When Apple Arcade first launched in the fall of 2019, we said it was “too cheap to quit” — the combo of the low $5 monthly subscription and the strong quality of the games made for a great deal. I’ve been on board since day one, but, as with all things, my interest in Apple Arcade has waxed and waned over time. I put a lot of time into a bunch of games when the service launched, but for months I mostly fixated on a few specific titles. I probably sampled two dozen games in the first few months, but didn’t delve into the majority. I also hoarded a bunch of games that I’d try “sometime,” but never really gave them a shot.
But when winter hit, I went back to Apple Arcade in earnest and found a few new titles that have held my interest for months, across a variety of genres. It’s been a good reminder of what you can get for that $5 monthly fee.
Two very different games drew me back in: Spire Blast and Survival Z. The former is a classic matching puzzle game that asks you to shoot colored balls at a giant tower to slowly whittle it down to nothing. As with many games in this genre, you get more points for better combos, and you’re rated on a three-star scale for how well you did clearing the level. Naturally, there are more challenges that pop up throughout the journey to make things fresh and challenging. There are currently 140 levels total, with more planned. It’s cute and charming with an addictive gameplay mechanic, the sort of game to pick up and play for a few minutes on your phone that you might accidentally lose yourself in for hours.
But my favorite thing about Spire Blast is that it’s the kind of game that would ordinarily get loaded up with ads, in-app purchases and other unpleasantries that would make it not worth dealing with. But in this case, it’s a polished, fun puzzler that I’ve been playing for months without any obnoxious tactics to suck more money from my wallet.
Survival Z, meanwhile, is a game that benefits from being played on an iPad or Mac’s larger screen, because there’s a lot to manipulate on a relatively small phone screen. It’s a mashup of rogue-like survival and light tower defense mechanics. You’re a survivor in a zombie apocalypse trying to rescue survivors and find a cure to the plague. Unsurprisingly, each level pits you against a horde of zombies. Every stage you clear increases your abilities, and you can find better armor and weapons as you explore five different maps.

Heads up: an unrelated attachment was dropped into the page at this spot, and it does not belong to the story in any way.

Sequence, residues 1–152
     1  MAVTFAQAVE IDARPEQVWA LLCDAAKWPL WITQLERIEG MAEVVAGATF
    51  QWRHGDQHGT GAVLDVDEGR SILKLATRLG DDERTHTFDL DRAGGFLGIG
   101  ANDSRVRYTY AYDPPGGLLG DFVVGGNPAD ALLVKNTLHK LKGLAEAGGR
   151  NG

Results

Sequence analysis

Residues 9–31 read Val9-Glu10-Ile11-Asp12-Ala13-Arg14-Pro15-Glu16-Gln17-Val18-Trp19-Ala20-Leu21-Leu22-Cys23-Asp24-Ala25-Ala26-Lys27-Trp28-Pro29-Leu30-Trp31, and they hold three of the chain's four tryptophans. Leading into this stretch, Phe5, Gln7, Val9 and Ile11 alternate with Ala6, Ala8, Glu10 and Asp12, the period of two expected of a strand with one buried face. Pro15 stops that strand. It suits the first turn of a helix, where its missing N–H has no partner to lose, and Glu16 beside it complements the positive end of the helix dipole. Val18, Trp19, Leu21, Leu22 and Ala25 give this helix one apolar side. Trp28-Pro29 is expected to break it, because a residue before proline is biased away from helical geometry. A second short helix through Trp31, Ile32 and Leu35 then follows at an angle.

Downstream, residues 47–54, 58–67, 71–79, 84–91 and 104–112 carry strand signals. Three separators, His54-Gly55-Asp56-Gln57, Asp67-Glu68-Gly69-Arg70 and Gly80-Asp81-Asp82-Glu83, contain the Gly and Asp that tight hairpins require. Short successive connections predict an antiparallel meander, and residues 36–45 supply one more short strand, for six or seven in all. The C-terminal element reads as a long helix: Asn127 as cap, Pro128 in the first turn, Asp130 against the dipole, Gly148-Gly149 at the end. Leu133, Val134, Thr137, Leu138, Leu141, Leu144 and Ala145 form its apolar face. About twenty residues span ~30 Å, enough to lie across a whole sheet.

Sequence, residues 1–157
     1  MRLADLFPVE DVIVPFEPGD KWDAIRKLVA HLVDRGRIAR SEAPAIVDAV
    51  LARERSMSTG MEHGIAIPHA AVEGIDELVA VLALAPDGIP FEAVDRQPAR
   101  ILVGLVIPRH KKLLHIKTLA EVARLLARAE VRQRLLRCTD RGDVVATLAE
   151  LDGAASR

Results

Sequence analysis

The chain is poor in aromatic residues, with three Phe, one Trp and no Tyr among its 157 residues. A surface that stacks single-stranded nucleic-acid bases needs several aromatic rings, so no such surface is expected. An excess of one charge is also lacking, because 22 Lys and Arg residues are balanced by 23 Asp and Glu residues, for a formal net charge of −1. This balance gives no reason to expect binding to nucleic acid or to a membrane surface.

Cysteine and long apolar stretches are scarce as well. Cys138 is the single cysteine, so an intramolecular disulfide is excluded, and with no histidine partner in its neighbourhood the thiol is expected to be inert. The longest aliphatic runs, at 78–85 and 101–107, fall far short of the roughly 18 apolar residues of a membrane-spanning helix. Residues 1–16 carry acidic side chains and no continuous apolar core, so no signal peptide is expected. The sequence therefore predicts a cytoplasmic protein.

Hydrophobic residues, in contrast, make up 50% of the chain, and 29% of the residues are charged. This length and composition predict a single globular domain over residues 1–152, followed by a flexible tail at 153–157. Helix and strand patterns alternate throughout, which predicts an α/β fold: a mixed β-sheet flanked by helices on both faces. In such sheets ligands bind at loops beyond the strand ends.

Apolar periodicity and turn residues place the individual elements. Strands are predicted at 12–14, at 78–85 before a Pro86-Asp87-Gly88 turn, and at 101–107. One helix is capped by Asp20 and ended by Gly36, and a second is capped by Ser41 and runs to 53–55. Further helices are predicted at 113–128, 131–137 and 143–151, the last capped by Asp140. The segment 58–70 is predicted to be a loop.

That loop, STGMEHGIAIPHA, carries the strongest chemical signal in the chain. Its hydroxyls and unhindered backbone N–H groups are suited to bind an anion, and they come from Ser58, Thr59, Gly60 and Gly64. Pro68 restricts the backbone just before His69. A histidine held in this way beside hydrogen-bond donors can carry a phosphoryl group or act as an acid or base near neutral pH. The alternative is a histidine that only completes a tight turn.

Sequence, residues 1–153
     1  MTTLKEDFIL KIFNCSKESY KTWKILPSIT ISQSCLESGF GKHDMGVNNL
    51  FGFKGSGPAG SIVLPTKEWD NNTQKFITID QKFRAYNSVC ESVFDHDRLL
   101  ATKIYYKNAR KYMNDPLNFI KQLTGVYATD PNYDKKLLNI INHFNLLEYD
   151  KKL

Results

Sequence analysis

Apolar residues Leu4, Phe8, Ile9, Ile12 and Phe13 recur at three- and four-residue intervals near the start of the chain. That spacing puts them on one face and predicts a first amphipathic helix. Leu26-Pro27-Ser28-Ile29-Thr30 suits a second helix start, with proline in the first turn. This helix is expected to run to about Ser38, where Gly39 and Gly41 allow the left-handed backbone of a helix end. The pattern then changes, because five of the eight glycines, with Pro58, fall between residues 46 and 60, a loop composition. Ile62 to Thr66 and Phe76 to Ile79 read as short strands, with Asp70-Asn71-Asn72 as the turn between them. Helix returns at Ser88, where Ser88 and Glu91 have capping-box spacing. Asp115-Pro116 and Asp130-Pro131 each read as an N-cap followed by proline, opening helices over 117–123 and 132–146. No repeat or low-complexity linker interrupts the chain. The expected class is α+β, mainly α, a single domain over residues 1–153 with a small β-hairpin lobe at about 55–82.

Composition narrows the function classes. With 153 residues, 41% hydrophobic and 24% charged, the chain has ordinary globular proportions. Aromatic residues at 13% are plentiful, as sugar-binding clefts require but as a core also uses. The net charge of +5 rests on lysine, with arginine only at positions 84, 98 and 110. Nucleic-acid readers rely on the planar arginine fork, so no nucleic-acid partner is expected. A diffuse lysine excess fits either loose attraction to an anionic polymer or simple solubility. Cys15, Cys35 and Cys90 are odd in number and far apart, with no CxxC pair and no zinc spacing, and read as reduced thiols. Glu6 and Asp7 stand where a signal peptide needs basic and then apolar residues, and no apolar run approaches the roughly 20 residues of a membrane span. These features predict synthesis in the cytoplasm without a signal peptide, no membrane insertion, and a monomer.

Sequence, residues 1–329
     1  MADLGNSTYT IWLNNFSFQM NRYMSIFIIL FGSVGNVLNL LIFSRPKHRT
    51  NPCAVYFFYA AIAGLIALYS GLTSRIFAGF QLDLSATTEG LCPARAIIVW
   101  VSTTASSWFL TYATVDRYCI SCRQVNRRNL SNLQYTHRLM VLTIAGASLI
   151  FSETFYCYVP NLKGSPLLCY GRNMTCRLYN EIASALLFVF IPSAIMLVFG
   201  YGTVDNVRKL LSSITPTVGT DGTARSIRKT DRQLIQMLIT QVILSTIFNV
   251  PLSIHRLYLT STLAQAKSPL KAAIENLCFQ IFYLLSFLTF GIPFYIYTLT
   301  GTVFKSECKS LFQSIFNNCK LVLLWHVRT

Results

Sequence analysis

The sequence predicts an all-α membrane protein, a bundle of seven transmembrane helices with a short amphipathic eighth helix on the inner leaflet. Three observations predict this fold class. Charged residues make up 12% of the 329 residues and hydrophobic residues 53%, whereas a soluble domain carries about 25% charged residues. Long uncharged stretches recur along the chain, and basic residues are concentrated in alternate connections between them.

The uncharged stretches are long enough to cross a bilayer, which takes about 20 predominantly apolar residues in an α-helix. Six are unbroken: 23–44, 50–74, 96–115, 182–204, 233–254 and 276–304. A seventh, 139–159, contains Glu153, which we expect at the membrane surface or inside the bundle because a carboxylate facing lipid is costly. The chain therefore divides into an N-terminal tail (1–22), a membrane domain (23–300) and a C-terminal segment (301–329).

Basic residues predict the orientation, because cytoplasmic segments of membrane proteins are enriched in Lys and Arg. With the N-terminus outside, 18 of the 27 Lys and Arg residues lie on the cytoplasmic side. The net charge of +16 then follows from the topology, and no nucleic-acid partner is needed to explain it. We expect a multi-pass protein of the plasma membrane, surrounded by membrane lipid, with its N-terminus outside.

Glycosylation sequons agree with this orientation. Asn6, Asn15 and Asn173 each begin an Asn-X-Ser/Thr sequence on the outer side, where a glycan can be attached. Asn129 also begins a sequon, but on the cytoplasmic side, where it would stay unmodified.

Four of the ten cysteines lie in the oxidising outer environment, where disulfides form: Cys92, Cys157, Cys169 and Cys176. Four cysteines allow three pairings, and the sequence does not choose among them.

The formula isn’t the most original, but the cute art style and variety of different ways you can power up your survivors makes for an engrossing experience. The challenge ramps up nicely as well; it took me a good while to get powerful enough to tackle some of the tougher stages. It’s not the most varied in its gameplay — expect to do a lot of strafing around zombies as you whittle away their health — but the different traps you can set and the various boosts you get after completing a level help keep things fresh. My only complaint is that the game’s light story elements just end when you finish the last map without any resolution. I get the sense that the game’s developer, Ember Entertainment, will add more words eventually, but I wish the team was clear about whether or not the adventure would continue.
Just as I was close to maxing out those two games, SP!NG arrived. Once again, it was just what I needed. It’s another puzzler game with short levels to get through, but the gameplay mechanics are far from the common color-match found in Spire Blast. In SP!NG, your tiny abstract avatar can attach to various hooks throughout a stage and spins around in a circle as long as you’re attached. The goal is to fling your avatar around the level and collect as many stars as you can before you hit the exit. It’s another game that’s simple for starters, but the game gets devilishly challenging in the latter stages. The retrowave graphics and music coupled with the zen tranquility of flinging your avatar skillfully around a level is a great rush, though. And SP!NG is another game that works just as well for on-the-go spurts as it does for longer sessions.
This little Arcade binge I’m on has me diving into a few other games that I’ve saved for a while, including Necrobarista, The Pathless, The Last Campfire and Sayonara Wild Hearts, just to name a few. For $5 a month, I still feel I’m getting my money’s worth.